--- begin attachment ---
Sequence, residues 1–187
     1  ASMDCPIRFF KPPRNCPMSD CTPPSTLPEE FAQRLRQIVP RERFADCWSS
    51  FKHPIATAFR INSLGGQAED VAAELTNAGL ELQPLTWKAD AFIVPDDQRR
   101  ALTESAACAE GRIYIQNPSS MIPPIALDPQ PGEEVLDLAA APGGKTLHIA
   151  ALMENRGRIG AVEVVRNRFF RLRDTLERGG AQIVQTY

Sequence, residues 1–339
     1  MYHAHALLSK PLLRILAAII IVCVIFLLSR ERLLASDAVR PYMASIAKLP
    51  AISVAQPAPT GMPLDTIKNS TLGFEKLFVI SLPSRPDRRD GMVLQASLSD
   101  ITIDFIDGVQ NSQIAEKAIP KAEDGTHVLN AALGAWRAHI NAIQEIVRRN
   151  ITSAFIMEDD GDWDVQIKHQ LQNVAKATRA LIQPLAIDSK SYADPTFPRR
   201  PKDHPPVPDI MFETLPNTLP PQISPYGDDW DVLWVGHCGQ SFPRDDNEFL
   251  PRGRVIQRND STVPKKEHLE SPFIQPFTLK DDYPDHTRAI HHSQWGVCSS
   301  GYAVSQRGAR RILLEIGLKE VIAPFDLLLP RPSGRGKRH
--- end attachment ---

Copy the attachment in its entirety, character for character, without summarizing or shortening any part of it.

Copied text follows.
Sequence, residues 1–187
     1  ASMDCPIRFF KPPRNCPMSD CTPPSTLPEE FAQRLRQIVP RERFADCWSS
    51  FKHPIATAFR INSLGGQAED VAAELTNAGL ELQPLTWKAD AFIVPDDQRR
   101  ALTESAACAE GRIYIQNPSS MIPPIALDPQ PGEEVLDLAA APGGKTLHIA
   151  ALMENRGRIG AVEVVRNRFF RLRDTLERGG AQIVQTY

Sequence, residues 1–339
     1  MYHAHALLSK PLLRILAAII IVCVIFLLSR ERLLASDAVR PYMASIAKLP
    51  AISVAQPAPT GMPLDTIKNS TLGFEKLFVI SLPSRPDRRD GMVLQASLSD
   101  ITIDFIDGVQ NSQIAEKAIP KAEDGTHVLN AALGAWRAHI NAIQEIVRRN
   151  ITSAFIMEDD GDWDVQIKHQ LQNVAKATRA LIQPLAIDSK SYADPTFPRR
   201  PKDHPPVPDI MFETLPNTLP PQISPYGDDW DVLWVGHCGQ SFPRDDNEFL
   251  PRGRVIQRND STVPKKEHLE SPFIQPFTLK DDYPDHTRAI HHSQWGVCSS
   301  GYAVSQRGAR RILLEIGLKE VIAPFDLLLP RPSGRGKRH